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Research Article
Notulae to the Italian alien vascular flora: 5
expand article infoGabriele Galasso, Gianniantonio Domina§, Michele Adorni|, Nicola M.G. Ardenghi, Gianmaria Bonari#, Sergio Buono¤, Laura Cancellieri«, Giuseppina Chianese», Giulio Ferretti˄, Tiberio Fiaschi˅, Luigi Forte¦, Riccardo Guarino§, Rocco Labadessaˀ, Lorenzo Lastrucci˄, Lorenzo Lazzaro˄, Sara Magrini«, Luigi Minutoˁ, Sara Mossini, Nicola Olivieri, Anna Scoppola«, Adriano Stinca, Claudia Turcatoˁ, Chiara Nepi˄
‡ Museo di Storia Naturale di Milano, Milano, Italy
§ Università di Palermo, Palermo, Italy
| Unaffiliated, Parma, Italy
¶ Università di Pavia, Pavia, Italy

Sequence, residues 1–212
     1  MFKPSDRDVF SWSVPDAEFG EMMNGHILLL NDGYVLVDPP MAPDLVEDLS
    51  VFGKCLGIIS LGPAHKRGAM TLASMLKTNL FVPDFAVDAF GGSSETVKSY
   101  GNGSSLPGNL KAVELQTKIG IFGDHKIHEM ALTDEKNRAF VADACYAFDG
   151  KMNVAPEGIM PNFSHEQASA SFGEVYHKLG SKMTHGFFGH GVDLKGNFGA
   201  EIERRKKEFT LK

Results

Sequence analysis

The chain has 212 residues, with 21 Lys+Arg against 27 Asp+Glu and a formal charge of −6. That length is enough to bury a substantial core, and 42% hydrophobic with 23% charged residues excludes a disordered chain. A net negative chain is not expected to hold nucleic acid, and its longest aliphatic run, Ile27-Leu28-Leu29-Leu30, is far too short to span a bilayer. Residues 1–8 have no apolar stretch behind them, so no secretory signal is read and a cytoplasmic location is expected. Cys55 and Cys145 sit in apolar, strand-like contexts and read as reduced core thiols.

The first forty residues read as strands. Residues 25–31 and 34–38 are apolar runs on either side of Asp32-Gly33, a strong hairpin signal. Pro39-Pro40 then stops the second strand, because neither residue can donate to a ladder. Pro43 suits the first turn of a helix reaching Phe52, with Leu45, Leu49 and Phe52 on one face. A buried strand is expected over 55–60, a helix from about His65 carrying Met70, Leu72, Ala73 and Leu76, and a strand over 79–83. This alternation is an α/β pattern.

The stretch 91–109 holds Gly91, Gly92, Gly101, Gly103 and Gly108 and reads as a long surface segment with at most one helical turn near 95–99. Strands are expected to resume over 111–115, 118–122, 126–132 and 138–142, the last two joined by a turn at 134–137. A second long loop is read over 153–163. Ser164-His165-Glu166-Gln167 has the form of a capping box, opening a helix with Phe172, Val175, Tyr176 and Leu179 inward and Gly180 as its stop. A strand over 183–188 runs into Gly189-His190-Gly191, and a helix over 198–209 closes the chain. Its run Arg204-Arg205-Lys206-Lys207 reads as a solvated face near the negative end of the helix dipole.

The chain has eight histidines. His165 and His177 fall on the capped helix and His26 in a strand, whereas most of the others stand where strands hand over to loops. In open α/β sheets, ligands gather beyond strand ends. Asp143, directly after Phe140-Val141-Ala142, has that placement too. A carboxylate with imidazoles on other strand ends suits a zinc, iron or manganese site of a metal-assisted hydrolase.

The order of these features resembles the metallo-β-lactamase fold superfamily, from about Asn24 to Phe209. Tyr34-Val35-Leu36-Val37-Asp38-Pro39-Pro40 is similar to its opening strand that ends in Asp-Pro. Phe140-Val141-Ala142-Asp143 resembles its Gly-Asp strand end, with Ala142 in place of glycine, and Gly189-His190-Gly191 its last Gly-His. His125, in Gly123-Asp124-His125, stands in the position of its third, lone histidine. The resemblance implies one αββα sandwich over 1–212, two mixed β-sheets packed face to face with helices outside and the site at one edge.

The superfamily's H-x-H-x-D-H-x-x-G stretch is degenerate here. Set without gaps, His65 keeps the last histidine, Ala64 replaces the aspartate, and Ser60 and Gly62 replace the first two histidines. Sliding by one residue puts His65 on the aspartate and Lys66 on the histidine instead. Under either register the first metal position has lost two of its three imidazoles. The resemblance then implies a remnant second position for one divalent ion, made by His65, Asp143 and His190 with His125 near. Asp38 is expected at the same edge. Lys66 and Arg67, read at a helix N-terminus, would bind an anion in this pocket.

# Masaryk University, Brno, Czechoslovakia
¤ Unaffiliated, Viterbo, Italy
« Università della Tuscia, Viterbo, Italy
» Università di Napoli Federico II, Napoli, Italy
˄ Università di Firenze, Firenze, Italy
˅ Università di Siena, Siena, Italy
¦ Università di Bari Aldo Moro, Bari, Italy
ˀ Associazione Centro Studi de Romita, Bari, Italy
ˁ Università di Genova, Genova, Italy
₵ Unaffiliated, Novara, Italy
ℓ Università della Campania Luigi Vanvitelli, Caserta, Italy
Open Access

Abstract

In this contribution, new data concerning the distribution of vascular flora alien to Italy are presented. It includes new records, and confirmations for Italy or for Italian administrative regions of taxa in the genera Albizia, Anredera, Bougainvillea, Cardamine, Cenchrus, Cephalaria, Ceratochloa, Cytisus, Datura, Delosperma, Euonymus, Freesia, Hylotelephium, Lantana, Musa, Physalis, Rotala, Styphnolobium, Trachycarpus, and Tradescantia. Nomenclature and distribution updates, published elsewhere, and corrections are provided as supplementary material.